What was your message for the team heading into finals, especially with so much attention surrounding their performance? 

CR: Finals day was more about reminding the kids not to reinvent the wheel. The judges appreciated your routine, you’re in the position you’re in for a reason—you’ve got to step up and bring it home! You gotta do your jobs but never lose that feeling of authenticity and who you are as people because that is the reason people relate to it. They did reverse order which was new this year, so LSU ended up going last because they were in first. From the moment they were waiting in the on-deck area, before they even called the team out, people were flooding into the arena to come watch them and it literally felt like everybody was chanting LSU! Sammy and I were already bawling and they hadn’t even walked on the stage yet! It’s one of those moments that will go down in history. 

SM: Finals was so enjoyable for us because we knew we had the world behind us. I didn’t have one ounce of fear, the kids didn’t have any fear, nobody had any fear going into finals which I think isn’t common. There’s that feeling of ‘you have to get the job done,’ but there was no doubt in anyone’s mind. It was a part of the process that they were going to put on the performance of their lives! They were having the time of their lives backstage. They were in the most positive mindset, feeling so confident and feeling so grateful to be there. After everything they had been through, the payoff was the experience of them getting to dance. Of course winning was incredible but the experience of getting to hear the entire arena say their name and the experience of them getting to dance to something that was so them was enough! Winning was the cherry on top. 

[/et_pb_text][et_pb_image src=”” title_text=”TG Trophy Coaches Straight on” admin_label=”Image” _builder_version=”4.14.8″ _module_preset=”default” global_colors_info=”{}”][/et_pb_image][et_pb_text admin_label=”Text” _builder_version=”4.14.8″ _module_preset=”default” global_colors_info=”{}”]The dance has reached new levels on social media! The #LikeABoyChallenge on Tik Tok has over 39.6 million views, Ciara shared the dance on Instagram… What is it like seeing that kind of response? 

CR: I think it’s the biggest reward you could ever get as a creator! Aside from watching kids who you value and respect so much getting the recognition, love and support they deserve, your only other goal as a choreographer is to create something that somebody can feel connected to. I’ve been choreographing in this specific industry for so long and I’ve never seen a dance team routine make this big of an impact, so to be a part of it is just absolutely crazy. It was the biggest paycheck we could have ever gotten to see the routine impact as many people as it did. Seeing people within 24 hours do the Tik Tok challenge, seeing people that we idolized do the challenge, it’s just been such a whirlwind and months after the fact people are still tagging us and posting it! You see at competitions now before awards the event producing company will play the song and all the kids are doing it. It’s the most surreal thing but if you talk about purpose, I feel like why Sammy and I are really great friends is because we’re both purpose driven and we really trying to impact people in a positive way, inspire young athletes, push the industry forward, and this routine just happened to be the catapult that we have been working very hard for!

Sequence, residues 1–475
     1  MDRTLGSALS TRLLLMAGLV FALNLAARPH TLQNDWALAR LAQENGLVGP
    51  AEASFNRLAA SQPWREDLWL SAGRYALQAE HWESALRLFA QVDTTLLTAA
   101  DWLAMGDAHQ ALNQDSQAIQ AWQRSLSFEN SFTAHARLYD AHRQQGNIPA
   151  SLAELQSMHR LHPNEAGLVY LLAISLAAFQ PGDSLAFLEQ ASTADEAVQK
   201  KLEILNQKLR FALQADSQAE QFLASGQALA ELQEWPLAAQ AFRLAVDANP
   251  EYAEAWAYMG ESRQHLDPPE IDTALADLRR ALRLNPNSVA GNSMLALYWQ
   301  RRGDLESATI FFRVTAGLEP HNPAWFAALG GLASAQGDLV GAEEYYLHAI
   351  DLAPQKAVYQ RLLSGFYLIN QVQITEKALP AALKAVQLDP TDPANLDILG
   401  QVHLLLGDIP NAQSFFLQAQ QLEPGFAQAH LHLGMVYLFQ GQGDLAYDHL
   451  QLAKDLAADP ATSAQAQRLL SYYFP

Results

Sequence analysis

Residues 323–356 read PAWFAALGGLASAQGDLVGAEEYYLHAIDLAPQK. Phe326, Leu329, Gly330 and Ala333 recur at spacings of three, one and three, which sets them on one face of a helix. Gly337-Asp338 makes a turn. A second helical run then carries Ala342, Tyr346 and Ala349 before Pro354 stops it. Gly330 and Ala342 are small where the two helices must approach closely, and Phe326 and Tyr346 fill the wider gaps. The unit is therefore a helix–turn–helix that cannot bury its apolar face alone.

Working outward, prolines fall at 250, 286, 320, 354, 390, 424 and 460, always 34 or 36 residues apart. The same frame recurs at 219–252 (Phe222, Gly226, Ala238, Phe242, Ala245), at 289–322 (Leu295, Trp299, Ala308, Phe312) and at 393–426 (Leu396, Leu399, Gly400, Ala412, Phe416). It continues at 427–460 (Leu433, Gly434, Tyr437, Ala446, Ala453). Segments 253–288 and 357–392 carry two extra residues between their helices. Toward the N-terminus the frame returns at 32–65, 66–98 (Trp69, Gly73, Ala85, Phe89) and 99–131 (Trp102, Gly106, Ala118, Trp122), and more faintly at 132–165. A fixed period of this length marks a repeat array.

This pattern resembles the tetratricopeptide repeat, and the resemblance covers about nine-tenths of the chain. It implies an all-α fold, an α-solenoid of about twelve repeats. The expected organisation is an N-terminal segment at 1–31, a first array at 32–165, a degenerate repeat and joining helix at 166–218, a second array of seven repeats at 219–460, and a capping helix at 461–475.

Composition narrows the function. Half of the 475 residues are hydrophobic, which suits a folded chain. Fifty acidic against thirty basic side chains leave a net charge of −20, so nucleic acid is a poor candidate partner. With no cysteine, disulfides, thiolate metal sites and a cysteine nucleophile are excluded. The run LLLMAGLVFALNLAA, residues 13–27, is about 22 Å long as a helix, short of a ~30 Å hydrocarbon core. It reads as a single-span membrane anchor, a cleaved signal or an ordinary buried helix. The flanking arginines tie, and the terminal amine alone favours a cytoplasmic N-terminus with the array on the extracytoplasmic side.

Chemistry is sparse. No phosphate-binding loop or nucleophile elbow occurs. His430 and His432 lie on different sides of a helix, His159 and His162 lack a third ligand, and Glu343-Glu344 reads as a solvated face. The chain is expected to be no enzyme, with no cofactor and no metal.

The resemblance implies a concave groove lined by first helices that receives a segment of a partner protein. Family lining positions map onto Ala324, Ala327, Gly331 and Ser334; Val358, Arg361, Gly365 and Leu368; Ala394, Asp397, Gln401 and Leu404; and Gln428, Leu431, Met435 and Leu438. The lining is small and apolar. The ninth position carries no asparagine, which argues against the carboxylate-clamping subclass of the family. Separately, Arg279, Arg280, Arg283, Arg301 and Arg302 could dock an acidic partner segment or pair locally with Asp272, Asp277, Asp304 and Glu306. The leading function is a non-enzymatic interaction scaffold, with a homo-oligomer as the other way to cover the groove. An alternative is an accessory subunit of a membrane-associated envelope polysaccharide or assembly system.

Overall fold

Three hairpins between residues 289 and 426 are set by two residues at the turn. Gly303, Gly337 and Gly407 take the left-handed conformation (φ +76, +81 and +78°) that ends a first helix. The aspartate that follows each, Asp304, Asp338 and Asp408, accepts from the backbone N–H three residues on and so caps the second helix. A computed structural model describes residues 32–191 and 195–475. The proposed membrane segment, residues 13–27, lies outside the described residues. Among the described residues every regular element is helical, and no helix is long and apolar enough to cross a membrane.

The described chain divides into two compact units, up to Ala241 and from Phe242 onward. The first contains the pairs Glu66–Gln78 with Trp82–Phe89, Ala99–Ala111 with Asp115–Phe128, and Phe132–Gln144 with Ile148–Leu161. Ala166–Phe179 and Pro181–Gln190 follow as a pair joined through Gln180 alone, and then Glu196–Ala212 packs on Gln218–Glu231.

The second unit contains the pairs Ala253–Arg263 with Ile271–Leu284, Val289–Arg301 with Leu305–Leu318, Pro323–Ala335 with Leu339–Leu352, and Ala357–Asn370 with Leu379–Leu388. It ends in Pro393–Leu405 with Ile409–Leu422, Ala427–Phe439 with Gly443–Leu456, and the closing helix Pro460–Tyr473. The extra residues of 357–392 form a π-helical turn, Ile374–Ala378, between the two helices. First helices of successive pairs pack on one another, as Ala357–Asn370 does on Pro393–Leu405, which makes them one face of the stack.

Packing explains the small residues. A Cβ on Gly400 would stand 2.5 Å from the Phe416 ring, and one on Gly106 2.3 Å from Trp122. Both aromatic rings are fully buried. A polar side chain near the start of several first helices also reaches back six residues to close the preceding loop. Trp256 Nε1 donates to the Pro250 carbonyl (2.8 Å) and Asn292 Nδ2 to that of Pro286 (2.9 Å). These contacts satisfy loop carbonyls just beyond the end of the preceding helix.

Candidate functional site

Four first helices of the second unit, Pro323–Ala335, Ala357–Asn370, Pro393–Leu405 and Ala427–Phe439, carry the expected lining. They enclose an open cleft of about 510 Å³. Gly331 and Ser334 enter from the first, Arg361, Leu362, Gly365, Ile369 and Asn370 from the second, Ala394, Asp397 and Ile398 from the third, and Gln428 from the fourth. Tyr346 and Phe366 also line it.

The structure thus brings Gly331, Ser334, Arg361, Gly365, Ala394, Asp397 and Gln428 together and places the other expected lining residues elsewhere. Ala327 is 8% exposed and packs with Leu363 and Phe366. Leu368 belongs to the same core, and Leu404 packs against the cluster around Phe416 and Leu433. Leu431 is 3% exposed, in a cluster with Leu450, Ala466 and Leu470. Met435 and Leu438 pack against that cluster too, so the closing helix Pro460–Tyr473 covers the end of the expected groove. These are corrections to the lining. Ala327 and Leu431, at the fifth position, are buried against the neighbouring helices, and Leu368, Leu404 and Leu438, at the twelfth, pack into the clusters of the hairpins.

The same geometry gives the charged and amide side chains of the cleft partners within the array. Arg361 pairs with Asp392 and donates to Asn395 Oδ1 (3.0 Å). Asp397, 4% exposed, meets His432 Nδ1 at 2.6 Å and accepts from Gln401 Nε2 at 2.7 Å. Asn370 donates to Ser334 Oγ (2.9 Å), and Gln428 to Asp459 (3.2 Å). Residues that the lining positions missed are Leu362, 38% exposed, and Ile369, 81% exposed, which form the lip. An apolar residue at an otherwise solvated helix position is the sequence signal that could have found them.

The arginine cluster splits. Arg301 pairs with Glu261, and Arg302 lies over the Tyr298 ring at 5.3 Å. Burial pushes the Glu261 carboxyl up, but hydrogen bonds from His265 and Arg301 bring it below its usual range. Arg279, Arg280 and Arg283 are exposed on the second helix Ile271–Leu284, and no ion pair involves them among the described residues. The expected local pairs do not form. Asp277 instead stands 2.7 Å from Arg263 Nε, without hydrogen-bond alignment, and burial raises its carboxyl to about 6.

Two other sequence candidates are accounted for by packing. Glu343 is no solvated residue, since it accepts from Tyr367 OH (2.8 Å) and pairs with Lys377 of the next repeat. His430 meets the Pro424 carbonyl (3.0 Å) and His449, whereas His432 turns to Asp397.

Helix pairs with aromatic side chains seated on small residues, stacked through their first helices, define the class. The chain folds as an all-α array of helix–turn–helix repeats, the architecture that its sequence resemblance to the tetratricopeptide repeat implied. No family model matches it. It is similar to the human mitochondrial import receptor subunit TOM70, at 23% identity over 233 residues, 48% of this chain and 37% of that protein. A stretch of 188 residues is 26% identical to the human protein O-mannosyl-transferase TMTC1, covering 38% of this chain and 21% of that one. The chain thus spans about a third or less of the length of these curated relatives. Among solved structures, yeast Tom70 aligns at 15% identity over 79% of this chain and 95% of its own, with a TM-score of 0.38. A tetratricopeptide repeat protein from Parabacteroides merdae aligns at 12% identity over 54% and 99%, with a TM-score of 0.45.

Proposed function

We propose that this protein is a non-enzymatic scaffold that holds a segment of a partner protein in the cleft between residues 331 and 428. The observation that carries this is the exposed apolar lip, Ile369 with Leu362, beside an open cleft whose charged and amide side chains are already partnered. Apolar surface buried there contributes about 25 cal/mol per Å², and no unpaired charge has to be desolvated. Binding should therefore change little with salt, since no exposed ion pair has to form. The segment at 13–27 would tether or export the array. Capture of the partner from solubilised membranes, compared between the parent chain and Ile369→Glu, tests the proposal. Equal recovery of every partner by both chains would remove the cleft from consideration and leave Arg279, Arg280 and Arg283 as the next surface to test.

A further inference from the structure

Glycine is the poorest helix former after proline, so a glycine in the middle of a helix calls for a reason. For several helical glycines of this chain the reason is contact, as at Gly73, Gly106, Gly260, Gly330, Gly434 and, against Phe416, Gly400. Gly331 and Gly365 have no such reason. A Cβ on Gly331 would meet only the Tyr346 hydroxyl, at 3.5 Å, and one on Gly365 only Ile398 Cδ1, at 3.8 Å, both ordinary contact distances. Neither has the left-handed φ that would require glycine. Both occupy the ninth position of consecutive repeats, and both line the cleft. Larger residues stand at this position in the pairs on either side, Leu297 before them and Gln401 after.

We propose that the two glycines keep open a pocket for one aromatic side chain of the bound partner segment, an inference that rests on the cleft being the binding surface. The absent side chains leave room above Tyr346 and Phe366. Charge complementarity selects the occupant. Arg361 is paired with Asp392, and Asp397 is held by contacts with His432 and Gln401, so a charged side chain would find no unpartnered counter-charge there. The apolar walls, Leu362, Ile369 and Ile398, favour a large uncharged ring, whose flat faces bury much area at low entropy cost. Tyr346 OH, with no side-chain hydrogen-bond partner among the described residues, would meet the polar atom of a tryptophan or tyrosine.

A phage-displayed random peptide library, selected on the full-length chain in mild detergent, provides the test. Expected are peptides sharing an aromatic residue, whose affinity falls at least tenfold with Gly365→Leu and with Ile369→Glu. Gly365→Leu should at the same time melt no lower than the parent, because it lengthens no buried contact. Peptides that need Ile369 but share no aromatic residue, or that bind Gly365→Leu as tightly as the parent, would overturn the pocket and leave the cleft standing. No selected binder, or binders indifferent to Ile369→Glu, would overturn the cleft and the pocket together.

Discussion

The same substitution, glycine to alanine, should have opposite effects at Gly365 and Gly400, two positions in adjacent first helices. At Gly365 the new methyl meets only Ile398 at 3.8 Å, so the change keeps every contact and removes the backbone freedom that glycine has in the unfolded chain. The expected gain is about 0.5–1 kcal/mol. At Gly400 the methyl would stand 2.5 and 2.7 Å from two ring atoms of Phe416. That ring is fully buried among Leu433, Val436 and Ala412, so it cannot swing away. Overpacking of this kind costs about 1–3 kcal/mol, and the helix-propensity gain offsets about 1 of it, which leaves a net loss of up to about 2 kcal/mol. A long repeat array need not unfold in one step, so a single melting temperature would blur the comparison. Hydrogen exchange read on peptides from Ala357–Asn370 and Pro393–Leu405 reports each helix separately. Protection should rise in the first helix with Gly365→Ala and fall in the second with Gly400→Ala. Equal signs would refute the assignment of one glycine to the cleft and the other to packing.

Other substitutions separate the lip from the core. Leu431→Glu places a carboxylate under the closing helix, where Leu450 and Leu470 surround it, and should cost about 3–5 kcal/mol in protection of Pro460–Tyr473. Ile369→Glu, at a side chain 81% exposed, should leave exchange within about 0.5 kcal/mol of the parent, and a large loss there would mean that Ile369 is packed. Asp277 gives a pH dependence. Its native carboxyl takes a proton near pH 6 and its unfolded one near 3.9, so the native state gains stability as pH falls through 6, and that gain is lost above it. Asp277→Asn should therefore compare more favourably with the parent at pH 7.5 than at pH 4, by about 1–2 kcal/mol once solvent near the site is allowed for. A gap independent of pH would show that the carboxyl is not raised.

It’s translating to other sports as well! Have you seen some of the LSU gymnasts putting the moves in their floor routines? 

SM:Let me tell you, on a personal level, I ride or die for LSU gymnastics! But yes, you look at it with a wider scope and now we’re seeing other female athletes do it which is such a cool piece of the story. I remember laying next to Carson in Florida the morning after and my phone wasn’t functioning because of the amount of feedback—and that was just after day one. I remember thinking to myself, ‘I never want to forget this moment.’ The amount of times we’re creating and we go through the trenches and think that our ideas are awful, or that we’re never going to get the win, or never going to be appreciated… The way that it all came together was the culmination of everything we’ve ever wanted and that’s something I never want to forget. You don’t get a lot of celebration as a choreographer. It’s nice every once in a while having your own cup filled and being reassured that you are on the right path and you are doing the right thing. After the journey Carson and I had been on, constantly second guessing ourselves and wondering if this was going to be received well, the reaction was the ultimate pay off and will go down as one of the most important moments of my life. 

Sammy, as a Tiger Girl alumni who has been such a strong advocate for this team, the outcome must be even more special! 

SM: When everything happened with them not being able to compete I knew I had to do something. I had so many people surrounding me that were helpful; Carson, Carson’s mom, a lot of people in the NDCA, Doctors of Dance… so many people that I could bounce ideas off of, because I knew I couldn’t sit still. So that’s when I made the “Let Them Compete” video. I was sending emails to admin, I was on Zoom calls; I was doing everything I could to get us an inch forward and be able to compete. Obviously it didn’t work out how we wanted, but in hindsight, we probably never would have gotten to “Like A Boy” if that hadn’t of happened. So I really do think everything happens for a reason. We really had to take 20 steps back and go through some trenches to get to the place we’ve been able to get to—to be able to have a bigger platform and have those kids be able to show off their talent and what had happened in a new light, so I think the story is important, but it’s also the talent of those athletes and their resiliency that really brought it full circle. 

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Photos of Tiger Girls by Varsity; videos provided by Carsen Rowe & Sammy McFadden